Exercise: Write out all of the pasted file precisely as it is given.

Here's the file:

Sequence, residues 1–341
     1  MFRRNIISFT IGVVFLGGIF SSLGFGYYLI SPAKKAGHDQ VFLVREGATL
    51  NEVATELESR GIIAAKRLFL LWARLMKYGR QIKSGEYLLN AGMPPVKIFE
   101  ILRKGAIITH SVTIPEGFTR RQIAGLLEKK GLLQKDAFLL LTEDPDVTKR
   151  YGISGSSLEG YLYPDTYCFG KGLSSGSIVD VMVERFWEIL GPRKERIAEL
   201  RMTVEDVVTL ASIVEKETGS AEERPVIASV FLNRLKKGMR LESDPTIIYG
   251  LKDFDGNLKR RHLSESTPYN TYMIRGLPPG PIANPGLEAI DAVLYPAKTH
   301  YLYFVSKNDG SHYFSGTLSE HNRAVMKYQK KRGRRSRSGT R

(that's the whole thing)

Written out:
Sequence, residues 1–341
     1  MFRRNIISFT IGVVFLGGIF SSLGFGYYLI SPAKKAGHDQ VFLVREGATL
    51  NEVATELESR GIIAAKRLFL LWARLMKYGR QIKSGEYLLN AGMPPVKIFE
   101  ILRKGAIITH SVTIPEGFTR RQIAGLLEKK GLLQKDAFLL LTEDPDVTKR
   151  YGISGSSLEG YLYPDTYCFG KGLSSGSIVD VMVERFWEIL GPRKERIAEL
   201  RMTVEDVVTL ASIVEKETGS AEERPVIASV FLNRLKKGMR LESDPTIIYG
   251  LKDFDGNLKR RHLSESTPYN TYMIRGLPPG PIANPGLEAI DAVLYPAKTH
   301  YLYFVSKNDG SHYFSGTLSE HNRAVMKYQK KRGRRSRSGT R